Good luck.

Dealing With Really Difficult People

To offer my very best to these four people, I say “no” to drama

Over the course of your life, you will be sucked into many unnecessary arguments.

With the stress in our societies right now, I thought I’d share some hard-won wisdom.

Something I do well is deal with extremely difficult people.


Difficult people tend to divide into two camps.

  • Someone who is nuts, addicted or abusive => your best outcome is a clean exit
  • Somebody who is very comfortable with conflict => your best outcome is a mutually beneficial relationship

It is essential to know the difference => are you seeking a relationship or an exit?

Remember, it only takes one side to make a relationship completely impossible. You might never get the chance for a relationship. Likewise, no one can create a relationship without your agreement.

Keep your desired outcome front and center.


For the merely difficult, the best resource I’ve found is a book called B.I.F.F. => BIFF stands for Brief Informative Friendly and Firm.

BIFF is how I deal with every email in my life => when it spills into my marriage, or my family, it can get me into trouble. Still, on balance, it’s a winning strategy.

The BIFF method has saved me thousands of hours of hassle. You might not realize the psychological, and energetic, cost of the difficult people in your life.

Quick read => $10.

The book helped me see my own role in the conflicts that follow me around. The BIFF techniques work when applied with myself => Time to move along & What’s important now?

It takes discipline, and training, to avoid spinning my wheels with people, and situations, that have no good outcome (other than an exit).

With the Buddhists in my life, I joke, “that situation might need to wait for my rebirth.”

With the secular folks, “I have realized there are going to be some loose ends at the time of my death. This situation might be one of them.


So… onto times when you desire an exit.

Once you’ve decided your best outcome is an exit you need to constantly remind yourself of your goal.

Beware of the tendency for self-sabotage via:

  • Self-justification => forgiveness can come later => you don’t need victory or the last word => you need an exit
  • Helping => unless you’re a board-certified medical clinician, working in a professional capacity, you will not sort this person out => you need an exit
  • Obligation => this is a big one for people caught in a multi-year abusive relationship => you might feel that the person’s place in society (boss, relative, child, spouse, priest, coach, doctor) requires you to put up with their abuse => hell no => you need an exit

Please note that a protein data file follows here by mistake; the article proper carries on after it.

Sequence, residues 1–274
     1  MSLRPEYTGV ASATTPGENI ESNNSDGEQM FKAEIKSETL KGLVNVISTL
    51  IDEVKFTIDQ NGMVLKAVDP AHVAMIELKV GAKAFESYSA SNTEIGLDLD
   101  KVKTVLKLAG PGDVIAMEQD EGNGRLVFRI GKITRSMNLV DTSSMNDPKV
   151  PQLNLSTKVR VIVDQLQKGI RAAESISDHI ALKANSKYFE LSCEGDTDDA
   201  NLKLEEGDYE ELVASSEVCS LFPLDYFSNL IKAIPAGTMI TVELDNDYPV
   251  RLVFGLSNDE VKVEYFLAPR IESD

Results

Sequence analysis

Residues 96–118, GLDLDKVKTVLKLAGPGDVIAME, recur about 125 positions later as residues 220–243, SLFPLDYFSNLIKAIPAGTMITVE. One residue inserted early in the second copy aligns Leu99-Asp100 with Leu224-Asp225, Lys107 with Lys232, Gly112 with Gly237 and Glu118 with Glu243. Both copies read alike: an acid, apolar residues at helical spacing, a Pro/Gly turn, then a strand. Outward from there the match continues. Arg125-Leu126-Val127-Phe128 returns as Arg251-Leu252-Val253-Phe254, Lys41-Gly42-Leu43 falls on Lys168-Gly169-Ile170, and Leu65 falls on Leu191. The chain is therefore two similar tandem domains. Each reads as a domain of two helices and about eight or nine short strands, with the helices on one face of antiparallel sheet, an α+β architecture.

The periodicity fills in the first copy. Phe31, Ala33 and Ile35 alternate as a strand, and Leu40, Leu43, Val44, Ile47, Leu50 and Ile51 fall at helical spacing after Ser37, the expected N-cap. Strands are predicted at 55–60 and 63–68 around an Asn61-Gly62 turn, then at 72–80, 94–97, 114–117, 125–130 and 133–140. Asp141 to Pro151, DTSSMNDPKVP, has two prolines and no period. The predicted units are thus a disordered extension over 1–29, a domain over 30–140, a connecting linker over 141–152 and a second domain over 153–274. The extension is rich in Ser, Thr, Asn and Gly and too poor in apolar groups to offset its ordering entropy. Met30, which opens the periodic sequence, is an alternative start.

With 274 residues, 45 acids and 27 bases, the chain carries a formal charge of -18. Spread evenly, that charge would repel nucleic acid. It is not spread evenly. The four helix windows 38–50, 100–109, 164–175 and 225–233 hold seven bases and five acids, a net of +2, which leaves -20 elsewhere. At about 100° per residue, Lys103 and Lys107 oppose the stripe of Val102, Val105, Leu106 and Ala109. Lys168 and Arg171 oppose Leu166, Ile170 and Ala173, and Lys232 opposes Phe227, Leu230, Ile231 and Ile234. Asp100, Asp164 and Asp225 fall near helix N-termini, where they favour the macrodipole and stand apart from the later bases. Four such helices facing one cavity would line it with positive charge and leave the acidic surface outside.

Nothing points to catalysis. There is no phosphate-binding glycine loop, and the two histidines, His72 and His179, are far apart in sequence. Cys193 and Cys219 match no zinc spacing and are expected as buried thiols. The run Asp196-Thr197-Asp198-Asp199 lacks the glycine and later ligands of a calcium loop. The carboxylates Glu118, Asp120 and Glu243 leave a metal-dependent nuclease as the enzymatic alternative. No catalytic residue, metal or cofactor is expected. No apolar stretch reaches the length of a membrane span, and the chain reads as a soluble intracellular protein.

I struggled with the above in my 20s, so it’s probably going to take you a few years to get it right.

Some family systems train their members to put up with abuse across multiple generations => break the chain, if not for yourself then for your children.


Protect your exit – there will be many attempts to pull you back in => block, filter, never reply, don’t answer unknown calls, don’t open letters, don’t post your travel schedule, change your mobile number… whatever it takes. I’ve done it all.

The craftiest manipulators will use people close to you to advocate for them. These people will be happy to do so – in the hope that they will successfully pass the abuser off to you!

I defeat these attempts by asking an advocate, “Do you want more of XXX in your life?” and noting “I don’t have any interaction with them and that is plenty for me.” We then share a smile and move on.

Over time, there will be fewer and fewer attempts to rope you in.

It is no fun to “play” with a person who never responds and you must remember, never respond to sociopaths.

Don’t poke the bear.


I use similar rules on Social Media.

One strike you’re out => mute button on twitter, unfollow on FB => much less triggering than blocking, allow difficult people to move along to their next obsession.

How do they make you feel? Some people bring out the worst aspects of my personality => politicians, of every political stripe, do this on purpose => mute them down. Don’t water the worst seeds of your personality.

Discipline is freedom => execute my advice and pay attention => Is your life better without the drama? It is easy to develop a habit of engagement, of not leaving well enough alone.

What are you trying to achieve? Don’t rope yourself into a mess, just to give yourself something to do.

Fill your life with something more than emotional highs from justified rage and lows from sadness.